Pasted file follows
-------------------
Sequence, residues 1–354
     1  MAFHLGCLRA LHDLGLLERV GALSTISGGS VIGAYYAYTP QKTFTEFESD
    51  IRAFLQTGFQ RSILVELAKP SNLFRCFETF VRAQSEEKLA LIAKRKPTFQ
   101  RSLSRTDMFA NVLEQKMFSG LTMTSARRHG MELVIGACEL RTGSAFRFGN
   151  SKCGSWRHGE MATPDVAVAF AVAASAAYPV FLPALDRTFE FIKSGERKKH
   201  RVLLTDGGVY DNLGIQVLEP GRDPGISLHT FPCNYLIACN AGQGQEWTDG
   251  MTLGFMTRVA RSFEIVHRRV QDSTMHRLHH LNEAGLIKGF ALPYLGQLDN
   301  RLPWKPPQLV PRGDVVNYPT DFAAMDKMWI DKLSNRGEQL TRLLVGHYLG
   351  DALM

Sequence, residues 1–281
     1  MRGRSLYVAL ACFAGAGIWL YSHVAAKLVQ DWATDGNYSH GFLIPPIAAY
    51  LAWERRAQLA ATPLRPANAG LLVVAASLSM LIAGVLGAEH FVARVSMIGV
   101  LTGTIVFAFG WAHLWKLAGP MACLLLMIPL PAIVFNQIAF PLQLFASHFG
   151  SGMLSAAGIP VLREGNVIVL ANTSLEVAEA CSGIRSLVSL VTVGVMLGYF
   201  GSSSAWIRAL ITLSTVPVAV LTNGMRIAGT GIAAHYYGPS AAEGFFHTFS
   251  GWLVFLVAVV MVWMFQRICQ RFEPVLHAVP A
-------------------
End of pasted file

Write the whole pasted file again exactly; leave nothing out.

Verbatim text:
Sequence, residues 1–354
     1  MAFHLGCLRA LHDLGLLERV GALSTISGGS VIGAYYAYTP QKTFTEFESD
    51  IRAFLQTGFQ RSILVELAKP SNLFRCFETF VRAQSEEKLA LIAKRKPTFQ
   101  RSLSRTDMFA NVLEQKMFSG LTMTSARRHG MELVIGACEL RTGSAFRFGN
   151  SKCGSWRHGE MATPDVAVAF AVAASAAYPV FLPALDRTFE FIKSGERKKH
   201  RVLLTDGGVY DNLGIQVLEP GRDPGISLHT FPCNYLIACN AGQGQEWTDG
   251  MTLGFMTRVA RSFEIVHRRV QDSTMHRLHH LNEAGLIKGF ALPYLGQLDN
   301  RLPWKPPQLV PRGDVVNYPT DFAAMDKMWI DKLSNRGEQL TRLLVGHYLG
   351  DALM

Sequence, residues 1–281
     1  MRGRSLYVAL ACFAGAGIWL YSHVAAKLVQ DWATDGNYSH GFLIPPIAAY
    51  LAWERRAQLA ATPLRPANAG LLVVAASLSM LIAGVLGAEH FVARVSMIGV
   101  LTGTIVFAFG WAHLWKLAGP MACLLLMIPL PAIVFNQIAF PLQLFASHFG
   151  SGMLSAAGIP VLREGNVIVL ANTSLEVAEA CSGIRSLVSL VTVGVMLGYF
   201  GSSSAWIRAL ITLSTVPVAV LTNGMRIAGT GIAAHYYGPS AAEGFFHTFS
   251  GWLVFLVAVV MVWMFQRICQ RFEPVLHAVP A